The rig gets its name from a three-way swivel used to tie the rig. You tie the line from your rod to one eye; on the other eye you tie an 18-inch piece of heavy mono with loop in the end for sinker. And, on the third eye, a 4- to 6-foot piece of heavy mono with large single or treble hook for the large bait.
The standard method of fishing the deep rig is to run up tide from the underwater hill that forms a reef. Once up tide, you drop the rig to the bottom then drift back up the hill and over. After clearing the backside of the hill, you start the engine and drift again. Keep in mind these are reefs down as deep as 80 or more feet, home to large bass. For every one big striper that was caught in 5 feet of water, dozens more are caught out in 50 feet.
I’ve watched Lincoln many times over the years and have come to the conclusion that he can catch large bass at will most days or nights. The method is that productive and his knowledge of the bottom terrain and his quarry that extensive. He can do this right through the bright sunny days of the summer, when most others are fluke fishing or chasing blues, or in the dead of night some cold, fall evening with full-moon tides coursing through the confines of the Sound.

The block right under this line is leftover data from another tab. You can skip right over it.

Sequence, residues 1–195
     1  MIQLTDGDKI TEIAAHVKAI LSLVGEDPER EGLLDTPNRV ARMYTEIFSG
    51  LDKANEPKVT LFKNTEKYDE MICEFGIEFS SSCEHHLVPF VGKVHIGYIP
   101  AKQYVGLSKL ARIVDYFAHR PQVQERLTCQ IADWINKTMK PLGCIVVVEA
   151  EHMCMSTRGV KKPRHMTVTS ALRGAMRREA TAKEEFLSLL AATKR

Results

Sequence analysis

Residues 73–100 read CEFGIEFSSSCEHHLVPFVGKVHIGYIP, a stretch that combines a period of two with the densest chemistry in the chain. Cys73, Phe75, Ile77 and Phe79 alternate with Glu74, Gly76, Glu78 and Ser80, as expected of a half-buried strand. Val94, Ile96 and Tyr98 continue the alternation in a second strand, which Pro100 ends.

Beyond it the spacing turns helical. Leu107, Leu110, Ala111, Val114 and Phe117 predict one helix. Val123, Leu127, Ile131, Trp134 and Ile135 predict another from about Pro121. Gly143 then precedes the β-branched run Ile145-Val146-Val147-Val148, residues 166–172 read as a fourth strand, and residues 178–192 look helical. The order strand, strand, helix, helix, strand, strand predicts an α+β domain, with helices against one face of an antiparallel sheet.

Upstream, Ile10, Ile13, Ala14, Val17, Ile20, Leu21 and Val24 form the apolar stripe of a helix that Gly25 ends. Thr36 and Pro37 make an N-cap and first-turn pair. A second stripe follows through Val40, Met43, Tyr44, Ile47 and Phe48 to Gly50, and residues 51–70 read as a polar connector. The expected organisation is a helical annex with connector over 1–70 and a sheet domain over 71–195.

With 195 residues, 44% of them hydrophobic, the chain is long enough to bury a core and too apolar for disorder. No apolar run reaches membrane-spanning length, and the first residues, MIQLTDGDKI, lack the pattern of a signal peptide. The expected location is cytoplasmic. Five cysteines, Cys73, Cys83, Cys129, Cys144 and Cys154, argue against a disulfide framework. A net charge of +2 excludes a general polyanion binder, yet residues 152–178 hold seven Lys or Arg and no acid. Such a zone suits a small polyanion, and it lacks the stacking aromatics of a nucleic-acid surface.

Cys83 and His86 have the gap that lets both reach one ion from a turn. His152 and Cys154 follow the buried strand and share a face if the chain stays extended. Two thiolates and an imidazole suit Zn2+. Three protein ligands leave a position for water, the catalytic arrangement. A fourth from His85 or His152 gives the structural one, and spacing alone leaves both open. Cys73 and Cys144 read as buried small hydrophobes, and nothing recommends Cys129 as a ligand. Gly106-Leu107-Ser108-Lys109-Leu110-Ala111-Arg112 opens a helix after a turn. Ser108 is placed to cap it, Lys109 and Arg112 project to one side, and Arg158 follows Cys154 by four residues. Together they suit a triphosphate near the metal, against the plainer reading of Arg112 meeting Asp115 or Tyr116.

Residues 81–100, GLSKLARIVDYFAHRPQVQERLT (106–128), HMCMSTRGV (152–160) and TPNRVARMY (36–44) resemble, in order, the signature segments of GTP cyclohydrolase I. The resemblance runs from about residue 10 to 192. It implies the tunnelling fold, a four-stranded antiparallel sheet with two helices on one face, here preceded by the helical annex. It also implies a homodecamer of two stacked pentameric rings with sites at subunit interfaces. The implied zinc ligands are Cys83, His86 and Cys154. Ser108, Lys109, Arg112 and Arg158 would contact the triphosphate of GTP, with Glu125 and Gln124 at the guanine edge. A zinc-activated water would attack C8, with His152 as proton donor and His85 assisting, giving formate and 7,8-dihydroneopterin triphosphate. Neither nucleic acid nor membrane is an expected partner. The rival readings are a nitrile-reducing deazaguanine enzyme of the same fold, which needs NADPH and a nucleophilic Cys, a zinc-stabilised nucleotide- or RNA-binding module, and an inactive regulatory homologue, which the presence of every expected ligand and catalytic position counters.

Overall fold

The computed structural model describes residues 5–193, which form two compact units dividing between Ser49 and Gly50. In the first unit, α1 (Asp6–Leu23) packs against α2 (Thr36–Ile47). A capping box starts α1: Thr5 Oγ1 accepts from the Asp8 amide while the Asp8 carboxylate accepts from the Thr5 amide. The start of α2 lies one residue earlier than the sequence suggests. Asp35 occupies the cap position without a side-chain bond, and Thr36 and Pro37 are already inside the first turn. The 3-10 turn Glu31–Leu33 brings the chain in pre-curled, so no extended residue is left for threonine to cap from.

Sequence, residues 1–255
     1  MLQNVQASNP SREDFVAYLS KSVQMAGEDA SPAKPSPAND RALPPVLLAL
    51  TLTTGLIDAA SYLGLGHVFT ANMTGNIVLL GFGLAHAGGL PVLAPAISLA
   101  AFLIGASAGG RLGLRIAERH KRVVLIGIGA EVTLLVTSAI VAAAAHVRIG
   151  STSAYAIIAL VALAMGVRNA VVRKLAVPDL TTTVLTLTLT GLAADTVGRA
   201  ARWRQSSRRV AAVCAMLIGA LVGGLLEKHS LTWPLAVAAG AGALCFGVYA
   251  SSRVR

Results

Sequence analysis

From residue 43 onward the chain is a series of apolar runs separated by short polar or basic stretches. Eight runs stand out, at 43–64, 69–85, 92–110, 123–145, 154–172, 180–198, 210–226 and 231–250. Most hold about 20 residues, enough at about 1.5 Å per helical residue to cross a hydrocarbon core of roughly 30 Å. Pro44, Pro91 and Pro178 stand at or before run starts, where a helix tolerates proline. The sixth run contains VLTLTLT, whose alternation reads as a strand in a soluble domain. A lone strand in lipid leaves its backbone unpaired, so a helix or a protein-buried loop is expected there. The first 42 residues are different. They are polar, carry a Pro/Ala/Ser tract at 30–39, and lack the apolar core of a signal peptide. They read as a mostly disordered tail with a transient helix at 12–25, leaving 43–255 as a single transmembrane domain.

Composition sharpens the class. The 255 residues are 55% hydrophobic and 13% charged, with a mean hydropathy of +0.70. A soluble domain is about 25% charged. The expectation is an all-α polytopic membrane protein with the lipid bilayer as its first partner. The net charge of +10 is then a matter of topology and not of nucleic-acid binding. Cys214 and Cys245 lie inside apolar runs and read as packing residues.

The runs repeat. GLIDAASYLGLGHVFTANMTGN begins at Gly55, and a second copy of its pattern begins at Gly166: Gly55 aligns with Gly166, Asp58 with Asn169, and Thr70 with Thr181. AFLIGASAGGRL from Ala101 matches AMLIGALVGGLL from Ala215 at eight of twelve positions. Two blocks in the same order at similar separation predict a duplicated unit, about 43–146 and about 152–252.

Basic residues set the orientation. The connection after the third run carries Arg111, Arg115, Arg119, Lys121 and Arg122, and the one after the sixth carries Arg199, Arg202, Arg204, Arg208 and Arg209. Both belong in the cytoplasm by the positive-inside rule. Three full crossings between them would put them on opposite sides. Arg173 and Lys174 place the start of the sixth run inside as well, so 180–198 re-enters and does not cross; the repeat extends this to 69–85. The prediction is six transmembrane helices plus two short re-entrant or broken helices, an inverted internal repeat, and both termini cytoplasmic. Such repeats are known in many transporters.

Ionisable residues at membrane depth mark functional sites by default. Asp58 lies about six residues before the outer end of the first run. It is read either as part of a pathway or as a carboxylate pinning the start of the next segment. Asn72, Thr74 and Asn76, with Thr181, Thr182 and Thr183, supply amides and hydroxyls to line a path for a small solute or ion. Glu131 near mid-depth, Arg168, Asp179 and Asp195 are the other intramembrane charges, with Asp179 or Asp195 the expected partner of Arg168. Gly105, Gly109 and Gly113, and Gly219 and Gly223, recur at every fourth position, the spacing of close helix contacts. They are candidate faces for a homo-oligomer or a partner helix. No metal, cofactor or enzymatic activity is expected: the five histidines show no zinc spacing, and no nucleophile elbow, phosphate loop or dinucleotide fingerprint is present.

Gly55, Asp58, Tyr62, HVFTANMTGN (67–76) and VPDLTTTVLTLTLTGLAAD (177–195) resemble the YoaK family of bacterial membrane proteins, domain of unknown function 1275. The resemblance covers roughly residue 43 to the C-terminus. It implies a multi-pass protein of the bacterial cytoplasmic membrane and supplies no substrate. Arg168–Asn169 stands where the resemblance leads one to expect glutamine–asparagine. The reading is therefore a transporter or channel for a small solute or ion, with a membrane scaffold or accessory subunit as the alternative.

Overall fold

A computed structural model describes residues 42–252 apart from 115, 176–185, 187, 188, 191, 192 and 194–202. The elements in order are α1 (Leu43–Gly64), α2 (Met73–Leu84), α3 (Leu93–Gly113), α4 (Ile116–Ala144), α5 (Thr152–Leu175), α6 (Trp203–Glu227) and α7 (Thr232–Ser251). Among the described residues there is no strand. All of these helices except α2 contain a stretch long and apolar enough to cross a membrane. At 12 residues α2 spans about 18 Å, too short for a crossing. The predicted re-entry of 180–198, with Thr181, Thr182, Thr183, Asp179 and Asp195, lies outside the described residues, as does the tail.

In time, though, both the bunker and herring populations decreased from causes that are debated on all fronts. This caused another switch in bait: to live porgies. These silvery pan fish abound on our reefs in the summer and fall, not unnoticed by hungry bass. It wasn’t long before the bait well in his boat was filled with scup, as some call porgy, instead of the years-long standard of live bunkers landed in the pre-dawn hours with a length of gill net set in a coastal river.
(As a side note to the story and management issues, adult bunkers are once again returning to the waters of Long Island Sound after an absence of many years. It’s hoped management measures will bring the mackerel back but that issue remains very much in doubt given the politics involved.)
Lincoln set out on his quest with a single-mindedness. He told me over coffee one day that his season ran from mid-May through November, fishing mostly seven days per week, sometimes 14 hours at a clip. The average day was six fish and the average size for the first 10 years in the business was 36 pounds. Like I said, large live bait attracts large bass.